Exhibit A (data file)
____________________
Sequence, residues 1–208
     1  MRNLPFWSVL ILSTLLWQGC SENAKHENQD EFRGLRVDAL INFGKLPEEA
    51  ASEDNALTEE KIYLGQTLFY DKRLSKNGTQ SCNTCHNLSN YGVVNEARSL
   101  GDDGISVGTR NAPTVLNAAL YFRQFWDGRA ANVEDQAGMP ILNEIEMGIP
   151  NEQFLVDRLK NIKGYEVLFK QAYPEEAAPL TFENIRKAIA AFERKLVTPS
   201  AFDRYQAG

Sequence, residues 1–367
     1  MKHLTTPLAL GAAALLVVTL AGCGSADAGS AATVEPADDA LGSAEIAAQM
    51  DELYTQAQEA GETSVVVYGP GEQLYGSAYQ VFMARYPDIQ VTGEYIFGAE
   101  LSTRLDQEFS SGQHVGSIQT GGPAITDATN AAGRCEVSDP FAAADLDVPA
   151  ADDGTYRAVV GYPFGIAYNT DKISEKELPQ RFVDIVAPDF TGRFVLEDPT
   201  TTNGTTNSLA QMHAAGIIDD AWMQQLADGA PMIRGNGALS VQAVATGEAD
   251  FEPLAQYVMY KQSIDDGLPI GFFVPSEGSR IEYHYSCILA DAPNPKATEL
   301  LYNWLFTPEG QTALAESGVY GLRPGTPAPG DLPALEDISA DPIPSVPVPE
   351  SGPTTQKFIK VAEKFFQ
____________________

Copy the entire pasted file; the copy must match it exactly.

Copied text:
Sequence, residues 1–208
     1  MRNLPFWSVL ILSTLLWQGC SENAKHENQD EFRGLRVDAL INFGKLPEEA
    51  ASEDNALTEE KIYLGQTLFY DKRLSKNGTQ SCNTCHNLSN YGVVNEARSL
   101  GDDGISVGTR NAPTVLNAAL YFRQFWDGRA ANVEDQAGMP ILNEIEMGIP
   151  NEQFLVDRLK NIKGYEVLFK QAYPEEAAPL TFENIRKAIA AFERKLVTPS
   201  AFDRYQAG

Sequence, residues 1–367
     1  MKHLTTPLAL GAAALLVVTL AGCGSADAGS AATVEPADDA LGSAEIAAQM
    51  DELYTQAQEA GETSVVVYGP GEQLYGSAYQ VFMARYPDIQ VTGEYIFGAE
   101  LSTRLDQEFS SGQHVGSIQT GGPAITDATN AAGRCEVSDP FAAADLDVPA
   151  ADDGTYRAVV GYPFGIAYNT DKISEKELPQ RFVDIVAPDF TGRFVLEDPT
   201  TTNGTTNSLA QMHAAGIIDD AWMQQLADGA PMIRGNGALS VQAVATGEAD
   251  FEPLAQYVMY KQSIDDGLPI GFFVPSEGSR IEYHYSCILA DAPNPKATEL
   301  LYNWLFTPEG QTALAESGVY GLRPGTPAPG DLPALEDISA DPIPSVPVPE
   351  SGPTTQKFIK VAEKFFQ